With regard to the relationship with sexual behavior, the mean age at first intercourse of those subjects who had experienced sexual violence was 14.9 years, which was significantly lower than the participants who had no such experience (15.5 years) (U = 598.0, P = 0.047) (Table 2). The mean number of previous sexual partners was 10.5 in those participants who had a history of sexual violence, while the mean number was 5.5 in those who had not, indicating that subjects who had had a violent sexual experience had significantly more previous sexual partners (U = 574.0, P = 0.030). The mean ages of the oldest previous sexual partners of those subjects who had a history of sexual violence compared with those who had not were 24.2 and 21.8 years old, respectively. This is significant because the latter are still students and do not have the social power or financial means that the former, salaried men, do; including the means to pay for sex. Participants who had experienced sexual violence had significantly older sexual partners in the past (U = 559.0, P = 0.031).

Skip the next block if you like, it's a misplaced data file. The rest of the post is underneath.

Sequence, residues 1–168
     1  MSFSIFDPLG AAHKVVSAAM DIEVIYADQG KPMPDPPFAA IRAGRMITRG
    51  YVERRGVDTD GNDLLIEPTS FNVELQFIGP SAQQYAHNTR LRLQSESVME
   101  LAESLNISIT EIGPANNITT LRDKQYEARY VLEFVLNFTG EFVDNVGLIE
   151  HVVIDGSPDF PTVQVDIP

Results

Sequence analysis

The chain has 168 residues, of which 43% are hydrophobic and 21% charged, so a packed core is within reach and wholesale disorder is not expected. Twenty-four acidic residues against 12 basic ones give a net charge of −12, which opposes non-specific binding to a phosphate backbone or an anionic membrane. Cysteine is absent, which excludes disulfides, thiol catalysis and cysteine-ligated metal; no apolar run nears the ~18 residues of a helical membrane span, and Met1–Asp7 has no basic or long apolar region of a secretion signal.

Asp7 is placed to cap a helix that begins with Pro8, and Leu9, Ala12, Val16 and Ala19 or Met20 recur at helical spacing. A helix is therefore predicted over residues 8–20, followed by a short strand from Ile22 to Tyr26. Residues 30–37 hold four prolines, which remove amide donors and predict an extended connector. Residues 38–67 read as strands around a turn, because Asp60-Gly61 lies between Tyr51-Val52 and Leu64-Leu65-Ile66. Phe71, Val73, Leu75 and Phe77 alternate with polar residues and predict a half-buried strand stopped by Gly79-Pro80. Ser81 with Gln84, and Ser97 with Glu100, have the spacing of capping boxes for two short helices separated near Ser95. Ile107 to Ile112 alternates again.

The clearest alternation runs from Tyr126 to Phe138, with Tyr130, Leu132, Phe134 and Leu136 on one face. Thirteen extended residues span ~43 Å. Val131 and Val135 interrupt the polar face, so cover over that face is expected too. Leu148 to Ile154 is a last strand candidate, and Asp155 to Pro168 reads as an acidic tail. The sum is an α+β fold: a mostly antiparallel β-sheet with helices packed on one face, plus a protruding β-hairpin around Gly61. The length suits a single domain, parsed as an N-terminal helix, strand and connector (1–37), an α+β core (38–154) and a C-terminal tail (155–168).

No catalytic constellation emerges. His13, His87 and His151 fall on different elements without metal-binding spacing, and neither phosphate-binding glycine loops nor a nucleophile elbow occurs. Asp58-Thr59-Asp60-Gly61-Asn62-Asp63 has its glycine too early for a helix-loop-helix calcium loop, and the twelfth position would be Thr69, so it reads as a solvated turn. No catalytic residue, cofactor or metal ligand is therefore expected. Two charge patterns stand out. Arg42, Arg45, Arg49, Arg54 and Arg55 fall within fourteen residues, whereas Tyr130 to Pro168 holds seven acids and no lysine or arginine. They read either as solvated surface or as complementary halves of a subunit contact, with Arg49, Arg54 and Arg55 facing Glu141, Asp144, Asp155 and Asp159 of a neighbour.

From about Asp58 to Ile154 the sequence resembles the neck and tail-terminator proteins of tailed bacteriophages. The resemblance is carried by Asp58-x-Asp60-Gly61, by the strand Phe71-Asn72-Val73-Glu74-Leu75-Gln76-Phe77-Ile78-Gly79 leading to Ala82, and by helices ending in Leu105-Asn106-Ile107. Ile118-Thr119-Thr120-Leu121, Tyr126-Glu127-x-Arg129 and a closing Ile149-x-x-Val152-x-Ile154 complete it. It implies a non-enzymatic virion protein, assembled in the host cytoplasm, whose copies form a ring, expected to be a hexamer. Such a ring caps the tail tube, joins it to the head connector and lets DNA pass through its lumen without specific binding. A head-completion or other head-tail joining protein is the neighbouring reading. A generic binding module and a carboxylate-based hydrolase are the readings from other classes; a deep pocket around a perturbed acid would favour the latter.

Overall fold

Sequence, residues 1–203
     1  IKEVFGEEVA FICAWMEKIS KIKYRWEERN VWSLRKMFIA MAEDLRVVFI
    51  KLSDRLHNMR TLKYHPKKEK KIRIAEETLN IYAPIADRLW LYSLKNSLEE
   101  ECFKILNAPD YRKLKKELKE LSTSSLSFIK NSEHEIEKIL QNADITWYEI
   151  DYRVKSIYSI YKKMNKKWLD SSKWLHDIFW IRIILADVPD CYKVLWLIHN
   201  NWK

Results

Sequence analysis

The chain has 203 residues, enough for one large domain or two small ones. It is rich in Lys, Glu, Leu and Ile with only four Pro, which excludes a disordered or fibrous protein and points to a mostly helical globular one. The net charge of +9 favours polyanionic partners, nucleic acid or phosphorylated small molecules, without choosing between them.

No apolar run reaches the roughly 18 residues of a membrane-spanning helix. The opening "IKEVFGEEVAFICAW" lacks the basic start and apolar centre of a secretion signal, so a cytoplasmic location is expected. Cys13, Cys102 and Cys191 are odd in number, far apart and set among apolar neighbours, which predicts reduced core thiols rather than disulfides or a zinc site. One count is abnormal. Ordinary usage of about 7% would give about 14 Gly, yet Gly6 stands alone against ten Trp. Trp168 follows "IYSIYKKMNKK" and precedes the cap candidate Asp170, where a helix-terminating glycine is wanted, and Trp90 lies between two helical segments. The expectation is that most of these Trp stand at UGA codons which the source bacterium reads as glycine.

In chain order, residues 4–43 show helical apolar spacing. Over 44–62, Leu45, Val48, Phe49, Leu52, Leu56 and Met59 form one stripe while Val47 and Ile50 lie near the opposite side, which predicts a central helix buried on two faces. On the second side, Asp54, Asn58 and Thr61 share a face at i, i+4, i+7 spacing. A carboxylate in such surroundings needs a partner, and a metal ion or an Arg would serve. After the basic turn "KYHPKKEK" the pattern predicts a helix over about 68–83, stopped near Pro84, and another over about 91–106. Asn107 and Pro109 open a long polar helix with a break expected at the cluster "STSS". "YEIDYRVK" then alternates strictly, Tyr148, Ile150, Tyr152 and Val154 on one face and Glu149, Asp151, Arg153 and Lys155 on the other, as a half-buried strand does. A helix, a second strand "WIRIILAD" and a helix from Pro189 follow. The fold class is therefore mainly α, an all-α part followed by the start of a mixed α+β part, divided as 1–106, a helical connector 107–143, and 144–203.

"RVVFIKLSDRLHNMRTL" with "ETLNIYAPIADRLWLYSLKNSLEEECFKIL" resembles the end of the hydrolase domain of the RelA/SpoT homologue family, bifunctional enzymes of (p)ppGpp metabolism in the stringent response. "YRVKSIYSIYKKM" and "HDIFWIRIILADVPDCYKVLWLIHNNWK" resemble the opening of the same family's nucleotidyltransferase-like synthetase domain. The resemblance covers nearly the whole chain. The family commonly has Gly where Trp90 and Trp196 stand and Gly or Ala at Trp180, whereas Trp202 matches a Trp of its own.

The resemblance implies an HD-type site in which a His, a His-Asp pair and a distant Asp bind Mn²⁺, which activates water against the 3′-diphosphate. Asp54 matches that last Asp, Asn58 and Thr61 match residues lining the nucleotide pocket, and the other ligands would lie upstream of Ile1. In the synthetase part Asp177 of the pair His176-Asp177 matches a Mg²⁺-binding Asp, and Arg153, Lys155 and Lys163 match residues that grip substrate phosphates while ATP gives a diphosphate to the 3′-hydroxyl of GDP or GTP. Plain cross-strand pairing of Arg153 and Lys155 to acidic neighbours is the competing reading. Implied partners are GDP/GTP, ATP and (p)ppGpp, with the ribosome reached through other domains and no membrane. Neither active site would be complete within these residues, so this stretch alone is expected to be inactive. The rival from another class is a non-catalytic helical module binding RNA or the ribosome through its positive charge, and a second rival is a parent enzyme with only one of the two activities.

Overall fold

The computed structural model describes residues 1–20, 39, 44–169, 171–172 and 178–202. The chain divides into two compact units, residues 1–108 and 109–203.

Table 2. Experience of sexual violence and sexual behavior
|Age at first intercourse (n = 80)||14.9|| 1.5||14.0||15.4|| 1.1||16.0||598.0||0.047|
|Period of time (weeks) from when they met to when they had sex for the first time (n = 75)†|| 4.8 || 6.9|| 2.0|| 7.3||11.7|| 2.0||630.0||0.435|
|Total number of sexual partners (n = 80)||10.5||20.8|| 6.0|| 5.5||11.1|| 3.0||574.0||0.030|
|Age of the oldest partner (n = 79)||24.1|| 7.5||22.0||21.7|| 6.5||21.0||559.0||0.031|
|Number of sexual partners whom they had met within 3 months (n = 80)|| 2.3 || 5.3|| 1.0|| 1.0|| 0.9 || 1.0||646.5||0.059|
|Oldest age of the current sexual partner (n = 67)‡||21.3|| 3.8 ||20.0||20.4|| 3.3 ||21.0||477.5||0.350|
|Friendship period (months) with current partners (n = 65)†||12.9||11.4|| 7.0||13.9||13.0|| 9.0||505.0||0.863|